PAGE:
In any case, common issues like cleanliness and upkeep of the shrine could not be wished away simply by political gimmicks, which some of the priests at Nizamuddin were trying. Thus, after repeated efforts of the conservation authorities, the local caretakers finally allowed the clean-up of at least some parts of the shrine. The government and restoration agencies went through a lot of negotiations and dialogue for a couple of year with the local residents and shrine keepers, besides running legal cases (since most residential settlements in the area are illegal or disputed). But in this tug of war between the restorers and local residents, many interesting narratives were created. Even though tourists or people interested in heritage have been visiting the shrine since ages, but local residents recently turned hostile to a couple of tourists and students of history/heritage who were taking pictures of heritage buildings encroached by new constructions, assuming they were part of the restoration agency. [Figure 12]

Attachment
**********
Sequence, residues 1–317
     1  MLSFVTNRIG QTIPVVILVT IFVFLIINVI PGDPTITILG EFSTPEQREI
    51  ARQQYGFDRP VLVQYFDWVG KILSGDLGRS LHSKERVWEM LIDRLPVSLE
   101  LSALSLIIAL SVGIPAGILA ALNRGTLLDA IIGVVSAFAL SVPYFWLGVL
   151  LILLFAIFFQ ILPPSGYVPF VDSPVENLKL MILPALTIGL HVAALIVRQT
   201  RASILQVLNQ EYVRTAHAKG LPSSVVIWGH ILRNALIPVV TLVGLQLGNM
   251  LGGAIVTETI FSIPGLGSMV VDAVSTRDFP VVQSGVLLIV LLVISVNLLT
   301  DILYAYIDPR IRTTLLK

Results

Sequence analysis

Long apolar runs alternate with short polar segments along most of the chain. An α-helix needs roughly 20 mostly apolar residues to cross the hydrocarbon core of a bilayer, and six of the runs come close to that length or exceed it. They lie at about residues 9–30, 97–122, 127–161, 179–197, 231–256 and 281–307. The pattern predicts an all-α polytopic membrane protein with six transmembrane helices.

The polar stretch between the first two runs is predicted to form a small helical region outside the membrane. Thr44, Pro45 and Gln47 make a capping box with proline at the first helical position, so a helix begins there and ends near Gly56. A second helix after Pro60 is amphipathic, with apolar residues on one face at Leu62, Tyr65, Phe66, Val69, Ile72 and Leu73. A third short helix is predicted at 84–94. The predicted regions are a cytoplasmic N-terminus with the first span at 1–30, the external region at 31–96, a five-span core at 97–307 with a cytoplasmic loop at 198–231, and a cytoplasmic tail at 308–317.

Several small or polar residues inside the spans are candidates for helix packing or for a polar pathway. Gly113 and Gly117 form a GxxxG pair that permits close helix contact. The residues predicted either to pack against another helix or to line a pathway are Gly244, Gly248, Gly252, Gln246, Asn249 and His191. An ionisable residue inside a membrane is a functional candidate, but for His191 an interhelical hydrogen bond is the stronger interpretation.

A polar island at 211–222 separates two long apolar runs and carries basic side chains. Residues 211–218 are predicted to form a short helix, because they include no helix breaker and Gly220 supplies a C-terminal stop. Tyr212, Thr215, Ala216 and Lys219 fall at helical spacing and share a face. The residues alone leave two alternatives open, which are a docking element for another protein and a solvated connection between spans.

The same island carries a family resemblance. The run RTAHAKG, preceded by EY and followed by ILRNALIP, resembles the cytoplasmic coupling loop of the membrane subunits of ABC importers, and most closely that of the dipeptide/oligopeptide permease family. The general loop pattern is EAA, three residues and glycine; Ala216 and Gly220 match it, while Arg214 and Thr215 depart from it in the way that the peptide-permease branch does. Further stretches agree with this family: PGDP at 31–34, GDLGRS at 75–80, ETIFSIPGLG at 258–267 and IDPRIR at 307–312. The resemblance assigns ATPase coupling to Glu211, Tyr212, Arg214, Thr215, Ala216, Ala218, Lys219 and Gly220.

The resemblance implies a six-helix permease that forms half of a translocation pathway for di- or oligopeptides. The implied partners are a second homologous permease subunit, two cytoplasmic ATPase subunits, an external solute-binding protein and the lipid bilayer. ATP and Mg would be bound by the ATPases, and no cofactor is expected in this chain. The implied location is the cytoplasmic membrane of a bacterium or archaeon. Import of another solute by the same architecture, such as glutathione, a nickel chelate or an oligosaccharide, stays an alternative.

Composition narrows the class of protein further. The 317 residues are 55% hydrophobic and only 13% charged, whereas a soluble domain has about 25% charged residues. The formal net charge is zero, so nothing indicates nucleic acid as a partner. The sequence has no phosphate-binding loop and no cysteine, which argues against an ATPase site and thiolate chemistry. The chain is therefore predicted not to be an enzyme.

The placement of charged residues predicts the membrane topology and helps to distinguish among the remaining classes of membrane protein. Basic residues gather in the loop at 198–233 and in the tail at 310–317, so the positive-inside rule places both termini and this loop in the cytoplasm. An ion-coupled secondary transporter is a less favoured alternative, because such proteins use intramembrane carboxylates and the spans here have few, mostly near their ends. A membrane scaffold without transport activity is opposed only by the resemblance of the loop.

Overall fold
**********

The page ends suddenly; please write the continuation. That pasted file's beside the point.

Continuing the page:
In their effort to assert the ownership and control over buildings and spaces, they employed all means, especially to mark out the territories they want to keep. The most common claim, of belonging to the “original” family tree of the saint, can be seen written in many places within the shrine outside the offices or shops that provide spiritual healing to pilgrims. Often, even unknown older graves in the vicinity of homes were appropriated as belonging to “our ancestors” by people as an excuse to encroach spaces. And the hotels or food joints outside the shrine were claimed by their owners as providing sacred langar (or community meal with spiritual importance) in order to keep their illegal occupation of spaces.23